When I was in third grade, I won a poetry contest. Since then, I’ve loved entering my writing into different competitions. I faired decently, and the chance to see what I’d written published in a book or magazine was exciting. Once, I even got to read what I had written on the radio.
So in looking at the fun things we could do for South Dakota Conservation Digest: Kids Edition this year, I suggested we ask for submissions. This is a magazine for kids, so why shouldn’t some content be by kids?
Well, Thea, ever open-minded and ready to try something new, decided to let me go for it. Thanks to a bit of help from Kay, our TOC teacher resource center coordinator, and program specialist Emilie Miller in Pierre, we were able to get word out that we were looking for some South Dakota kids to put pen to paper and tell us about the outdoors.
Now, putting forth a campaign like this brings the same anxiety as throwing a party: What if nobody shows up? For the first week or so after I’d shipped off the notices, I started to get apprehensive. If nobody submitted, not only would I have to fill two pages of the magazine in a less exciting way, but I’d be bummed that my childhood interest in writing wasn’t reflected in today’s youth.
Looking back, the fear of no entries is laughable. About two weeks in, I got a few contest questions. Then entries started coming in. A short story here, one or two there. We’d left it open to either accounts of real experiences or fiction writing, and both came in slowly. A few poems began to join the procession, and then the floodgates burst open and the submissions filled my desk.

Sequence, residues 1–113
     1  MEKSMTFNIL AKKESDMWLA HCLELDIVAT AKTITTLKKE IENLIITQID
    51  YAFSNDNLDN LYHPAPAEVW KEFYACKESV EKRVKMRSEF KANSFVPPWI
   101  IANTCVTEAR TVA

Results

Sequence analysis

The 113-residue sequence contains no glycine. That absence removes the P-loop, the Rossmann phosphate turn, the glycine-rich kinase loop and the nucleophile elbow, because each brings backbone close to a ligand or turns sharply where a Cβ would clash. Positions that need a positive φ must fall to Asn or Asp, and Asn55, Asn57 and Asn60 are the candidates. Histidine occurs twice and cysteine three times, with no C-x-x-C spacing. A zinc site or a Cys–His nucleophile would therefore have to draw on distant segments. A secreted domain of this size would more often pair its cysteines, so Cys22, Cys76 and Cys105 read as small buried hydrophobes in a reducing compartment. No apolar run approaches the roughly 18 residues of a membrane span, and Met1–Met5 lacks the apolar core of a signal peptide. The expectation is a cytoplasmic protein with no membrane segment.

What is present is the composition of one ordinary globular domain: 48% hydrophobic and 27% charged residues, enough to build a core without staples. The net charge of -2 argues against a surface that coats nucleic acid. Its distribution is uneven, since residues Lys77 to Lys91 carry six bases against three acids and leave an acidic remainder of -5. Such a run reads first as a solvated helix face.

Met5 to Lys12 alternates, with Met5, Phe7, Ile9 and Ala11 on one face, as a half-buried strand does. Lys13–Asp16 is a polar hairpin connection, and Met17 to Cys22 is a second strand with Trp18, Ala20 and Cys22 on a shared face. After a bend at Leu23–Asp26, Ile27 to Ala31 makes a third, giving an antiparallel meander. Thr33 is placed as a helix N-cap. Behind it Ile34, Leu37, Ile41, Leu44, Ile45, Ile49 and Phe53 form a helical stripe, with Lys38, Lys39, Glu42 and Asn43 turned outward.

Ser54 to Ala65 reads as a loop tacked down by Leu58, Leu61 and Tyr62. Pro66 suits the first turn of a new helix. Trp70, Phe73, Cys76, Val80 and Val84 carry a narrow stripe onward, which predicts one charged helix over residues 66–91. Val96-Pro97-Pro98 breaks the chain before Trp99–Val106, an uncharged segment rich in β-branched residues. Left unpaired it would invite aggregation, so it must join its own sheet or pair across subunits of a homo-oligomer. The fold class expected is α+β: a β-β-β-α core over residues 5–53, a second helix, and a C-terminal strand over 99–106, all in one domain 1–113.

That may be a bit of an exaggeration; the numbers stayed (mostly) manageable. But thanks to a few schools using the contest in conjunction with class assignments and some great response from young writers-in-the-making, when we hit the deadline I was feeling a very different kind of apprehension: How am I going to choose winners from the 200 short stories and 75 poems submitted?
I was elated with the response, but at that point I realized that in all those contests I had done as a child, somebody had to pour over every single entry to find the one or two kids who would win. And now that was going to have to be me.
It helped that the submissions were fun. Kids wrote about times they loved being outside, the animals they saw, the time mom or dad took them kayaking and all sorts of other things. It made me chuckle every time someone used the phrase “my dad forced me” when writing about their first hunting experience, but by the end they seemed to be drinking in the South Dakota outdoors.
Choosing was a difficult process, but I was proud of every submission and want to thank everybody who participated.